After Trump Deemed China Foreign Enemy, Anti-Asian Hate Crimes In LA Surged: Expert

One group has launched a hate-tracker to fight against the issue.
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An alarming uptick in hate crimes against Asian-Americans has led one nonprofit to take action.

Asian Americans Advancing Justice (AAAJ), a civil and human rights nonprofit, recently launched, a website to track Anti-Asian hate crimes.

The group felt compelled to do so after not only seeing a disturbing amount of anti-Muslim and anti-immigrant crimes, but also a huge jump in anti-Chinese hate as well. And the rise of this violence towards Asian-Americans is something the group wants to call attention to, stating that awareness is lacking.

“While hate crimes and incidents have surged to the top of news coverage leading up to and following the November 8th election, attacks against AAPIs have received little attention,” said Stewart Kwoh, President and Executive Director of AAAJ - Los Angeles, in a press release.

Los Angeles County Commission on Human Relations released an eye-opening report on 2015 hate crimes revealed that crimes targeting Asian-Americans, with most being anti-Chinese, had tripled from six to 18 in that county alone.

Karin Wang, vice president of programs and communications at AAAJ-Los Angeles, suspects that the violence may be a result of President Donald Trump’s painting of China as the “economic enemy” during his campaign, she told the Orange County Register.

“The announcement “really reinforces the dangerous foreign enemy image even though he describes China’s threat as one of trade."”

There have been several instances during which Trump has referred to China as a threat. The group pointed to one, a 2015 announcement, where Trump said that “ISIS, China, Mexico are all beating us.” He continues, asking when the U.S. had last beat China and Japan in trade. And later on, he brings up China’s “exponentially expanding its military power.”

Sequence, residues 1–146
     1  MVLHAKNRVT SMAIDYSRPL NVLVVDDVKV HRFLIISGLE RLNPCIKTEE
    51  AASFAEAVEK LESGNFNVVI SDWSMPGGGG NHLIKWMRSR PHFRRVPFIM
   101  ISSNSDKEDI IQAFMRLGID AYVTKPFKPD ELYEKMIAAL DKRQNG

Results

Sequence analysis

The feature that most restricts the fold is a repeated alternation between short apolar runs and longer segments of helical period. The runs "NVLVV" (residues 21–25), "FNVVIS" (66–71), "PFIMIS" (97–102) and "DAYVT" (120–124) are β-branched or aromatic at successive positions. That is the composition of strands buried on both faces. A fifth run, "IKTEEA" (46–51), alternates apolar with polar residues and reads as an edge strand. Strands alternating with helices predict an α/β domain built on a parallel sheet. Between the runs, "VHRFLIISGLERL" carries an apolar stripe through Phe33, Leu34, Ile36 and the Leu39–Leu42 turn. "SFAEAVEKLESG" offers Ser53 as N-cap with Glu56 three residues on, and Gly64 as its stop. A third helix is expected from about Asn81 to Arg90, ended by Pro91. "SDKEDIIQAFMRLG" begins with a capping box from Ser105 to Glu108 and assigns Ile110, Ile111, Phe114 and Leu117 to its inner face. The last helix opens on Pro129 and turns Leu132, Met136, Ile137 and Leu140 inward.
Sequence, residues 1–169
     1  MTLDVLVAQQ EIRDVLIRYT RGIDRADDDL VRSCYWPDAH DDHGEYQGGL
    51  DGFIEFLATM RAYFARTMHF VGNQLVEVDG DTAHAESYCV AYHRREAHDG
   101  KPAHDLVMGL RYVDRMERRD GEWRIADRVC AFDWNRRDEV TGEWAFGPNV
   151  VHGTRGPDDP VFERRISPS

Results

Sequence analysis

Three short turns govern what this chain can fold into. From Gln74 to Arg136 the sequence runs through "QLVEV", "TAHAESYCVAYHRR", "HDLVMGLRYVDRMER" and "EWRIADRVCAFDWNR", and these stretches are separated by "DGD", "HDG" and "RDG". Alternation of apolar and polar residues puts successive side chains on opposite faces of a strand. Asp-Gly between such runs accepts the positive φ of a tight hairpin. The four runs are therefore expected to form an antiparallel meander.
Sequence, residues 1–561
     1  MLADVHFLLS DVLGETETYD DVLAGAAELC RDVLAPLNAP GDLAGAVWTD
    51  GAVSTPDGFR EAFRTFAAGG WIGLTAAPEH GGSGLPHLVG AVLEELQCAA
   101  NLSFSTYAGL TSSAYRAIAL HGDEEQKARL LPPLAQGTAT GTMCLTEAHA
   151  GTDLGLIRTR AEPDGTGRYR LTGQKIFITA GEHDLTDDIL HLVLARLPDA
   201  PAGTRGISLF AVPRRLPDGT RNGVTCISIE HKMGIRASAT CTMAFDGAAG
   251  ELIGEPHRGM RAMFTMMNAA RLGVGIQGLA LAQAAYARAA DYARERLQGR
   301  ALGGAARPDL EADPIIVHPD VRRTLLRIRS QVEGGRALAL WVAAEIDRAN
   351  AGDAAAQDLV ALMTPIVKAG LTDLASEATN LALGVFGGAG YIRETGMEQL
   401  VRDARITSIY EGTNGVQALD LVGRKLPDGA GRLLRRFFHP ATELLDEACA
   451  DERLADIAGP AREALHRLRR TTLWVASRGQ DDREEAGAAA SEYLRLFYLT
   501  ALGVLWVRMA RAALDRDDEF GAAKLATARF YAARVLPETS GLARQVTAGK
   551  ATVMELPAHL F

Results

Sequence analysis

Wang said that the announcement “really reinforces the dangerous foreign enemy image, even though he describes China’s threat as one of trade” ― similar to the anti-Japanese sentiment of the 1970s and 1980s, when the country was portrayed as a threat to the auto industry, she explained the Huffington Post in an email.

The group encourages people of all backgrounds to report crimes or complaints based on factors including cultural identity, gender, sexual orientation, and religion. And through its website, the group not only tracks the hate-fueled incidents, but also shares stories of what people have endured. They’d also like to offer advice about the legal actions people can take in response to the incidents.

The group believes that it’s the stories that could really make a difference.

“The reality is people, at some point, become numb to numbers,” Wang told OC Register. “But they respond to the news and they respond to stories.”

Ultimately, they want to give voices to those who need it most. Especially during a time when the number of hate-fueled actions don’t seem to be slowing down.

“We cannot stay silent when our communities become victims of hate speech or harassment,” Mee Moua, president and executive director of AAAJ, said in the release.

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